Will Chinese banks fail?

Ratings agency Fitch recently warned that issues are starting to emerge in China’s bank liquidity. This was recently highlighted when the Shanghai Interbank Offering Rate jumped from around 4% towards 10% in a matter of days signaling a heightened level of financial stress within the industry. Since the Lehman crisis in 2008, China’s outstanding debt has increased from $9 trillion to $23 trillion according to Fitch Ratings.

ANZ (ASX: ANZ), Commonwealth (ASX: CBA), National Australia Bank (ASX: NAB) and Westpac (ASX: WBC) all survived the GFC admirably, although it shouldn’t be forgotten that they all required government support. The level of support provided to Australian banks was nowhere near that required by US banks such as Bank of America (NYSE: BAC) however our domestic banks were still vulnerable. No doubt the Chinese government would rally to support its banks too; however given the potential size of the debt problem and how much money has already been pumped in to economic stimulus projects, question marks remain over how much firepower the Chinese government has left.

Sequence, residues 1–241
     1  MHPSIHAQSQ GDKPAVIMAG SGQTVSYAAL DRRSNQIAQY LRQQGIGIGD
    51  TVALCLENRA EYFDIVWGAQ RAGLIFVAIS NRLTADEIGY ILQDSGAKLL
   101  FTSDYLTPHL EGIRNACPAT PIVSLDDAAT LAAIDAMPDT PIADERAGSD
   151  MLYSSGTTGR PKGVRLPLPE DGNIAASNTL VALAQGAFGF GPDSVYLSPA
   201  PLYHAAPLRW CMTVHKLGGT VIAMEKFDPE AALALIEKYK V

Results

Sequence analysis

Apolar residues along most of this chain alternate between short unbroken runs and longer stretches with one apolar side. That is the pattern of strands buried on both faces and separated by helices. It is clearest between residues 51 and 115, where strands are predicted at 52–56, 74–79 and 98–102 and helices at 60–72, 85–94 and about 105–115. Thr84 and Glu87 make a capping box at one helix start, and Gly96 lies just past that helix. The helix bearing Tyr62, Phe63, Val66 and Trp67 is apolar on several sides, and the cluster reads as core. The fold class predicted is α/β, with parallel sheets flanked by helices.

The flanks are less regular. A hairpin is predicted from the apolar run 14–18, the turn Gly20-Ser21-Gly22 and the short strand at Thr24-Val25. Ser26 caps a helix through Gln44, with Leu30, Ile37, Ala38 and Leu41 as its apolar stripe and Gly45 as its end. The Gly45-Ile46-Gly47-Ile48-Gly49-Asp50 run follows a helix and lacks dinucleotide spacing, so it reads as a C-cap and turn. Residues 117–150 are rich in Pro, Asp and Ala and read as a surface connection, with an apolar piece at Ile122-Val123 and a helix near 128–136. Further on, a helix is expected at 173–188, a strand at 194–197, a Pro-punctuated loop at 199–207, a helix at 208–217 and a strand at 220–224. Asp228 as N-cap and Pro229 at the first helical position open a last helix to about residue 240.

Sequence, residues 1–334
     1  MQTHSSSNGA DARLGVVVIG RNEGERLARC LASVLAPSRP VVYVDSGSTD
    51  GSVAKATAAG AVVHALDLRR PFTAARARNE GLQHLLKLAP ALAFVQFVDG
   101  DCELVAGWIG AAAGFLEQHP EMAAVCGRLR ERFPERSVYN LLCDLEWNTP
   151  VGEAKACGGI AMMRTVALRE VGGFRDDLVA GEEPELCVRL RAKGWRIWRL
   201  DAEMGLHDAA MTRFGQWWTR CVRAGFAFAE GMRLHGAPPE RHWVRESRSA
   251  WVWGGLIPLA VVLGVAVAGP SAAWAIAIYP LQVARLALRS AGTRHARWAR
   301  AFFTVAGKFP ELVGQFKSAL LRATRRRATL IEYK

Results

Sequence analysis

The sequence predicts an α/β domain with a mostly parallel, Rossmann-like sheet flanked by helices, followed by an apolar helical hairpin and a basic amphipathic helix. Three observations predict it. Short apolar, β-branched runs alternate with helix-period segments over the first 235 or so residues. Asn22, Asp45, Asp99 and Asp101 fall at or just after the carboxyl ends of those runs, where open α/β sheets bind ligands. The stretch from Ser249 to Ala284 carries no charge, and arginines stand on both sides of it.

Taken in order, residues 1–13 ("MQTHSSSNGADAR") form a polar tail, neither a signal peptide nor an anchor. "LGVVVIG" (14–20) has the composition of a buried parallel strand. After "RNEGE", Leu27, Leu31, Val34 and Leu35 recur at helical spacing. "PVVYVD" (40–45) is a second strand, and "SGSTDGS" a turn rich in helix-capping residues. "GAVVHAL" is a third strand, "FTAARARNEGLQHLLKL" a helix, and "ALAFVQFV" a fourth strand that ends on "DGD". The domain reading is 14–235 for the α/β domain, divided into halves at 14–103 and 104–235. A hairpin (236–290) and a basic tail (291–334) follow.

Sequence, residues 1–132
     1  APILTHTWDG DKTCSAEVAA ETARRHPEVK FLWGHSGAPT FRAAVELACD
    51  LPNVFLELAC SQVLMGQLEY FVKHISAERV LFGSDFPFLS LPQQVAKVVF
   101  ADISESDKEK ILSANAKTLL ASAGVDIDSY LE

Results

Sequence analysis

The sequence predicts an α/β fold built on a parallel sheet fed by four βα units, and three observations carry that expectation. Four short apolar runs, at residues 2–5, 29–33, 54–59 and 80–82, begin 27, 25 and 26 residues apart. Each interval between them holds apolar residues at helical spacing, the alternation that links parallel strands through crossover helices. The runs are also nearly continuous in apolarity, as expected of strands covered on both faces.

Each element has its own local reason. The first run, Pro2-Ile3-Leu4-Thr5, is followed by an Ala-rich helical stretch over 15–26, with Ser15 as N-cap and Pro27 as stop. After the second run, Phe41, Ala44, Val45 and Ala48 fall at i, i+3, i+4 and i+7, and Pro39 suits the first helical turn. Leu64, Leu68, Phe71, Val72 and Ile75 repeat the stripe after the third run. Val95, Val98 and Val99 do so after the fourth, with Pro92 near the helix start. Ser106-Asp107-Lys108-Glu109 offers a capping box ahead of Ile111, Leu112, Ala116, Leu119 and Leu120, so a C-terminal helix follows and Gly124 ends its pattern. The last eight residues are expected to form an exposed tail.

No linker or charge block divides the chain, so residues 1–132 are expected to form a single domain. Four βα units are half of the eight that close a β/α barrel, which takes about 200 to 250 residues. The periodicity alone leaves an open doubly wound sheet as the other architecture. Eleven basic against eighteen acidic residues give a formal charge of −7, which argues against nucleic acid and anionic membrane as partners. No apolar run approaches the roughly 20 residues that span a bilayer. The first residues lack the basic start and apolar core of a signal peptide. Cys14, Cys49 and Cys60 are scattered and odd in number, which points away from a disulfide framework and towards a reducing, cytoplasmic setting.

Foolish takeaway

The GFC has taught investors that it is important to be alert to unexpected shocks or ‘black swan events’. The well-publicised debt levels and excessive spending in China mean that a bank failure in China should perhaps not be considered a ‘black swan event’ but rather a known risk that investors should be alert to.

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Motley Fool contributor Tim McArthur does not own shares in any of the companies mentioned in this article.

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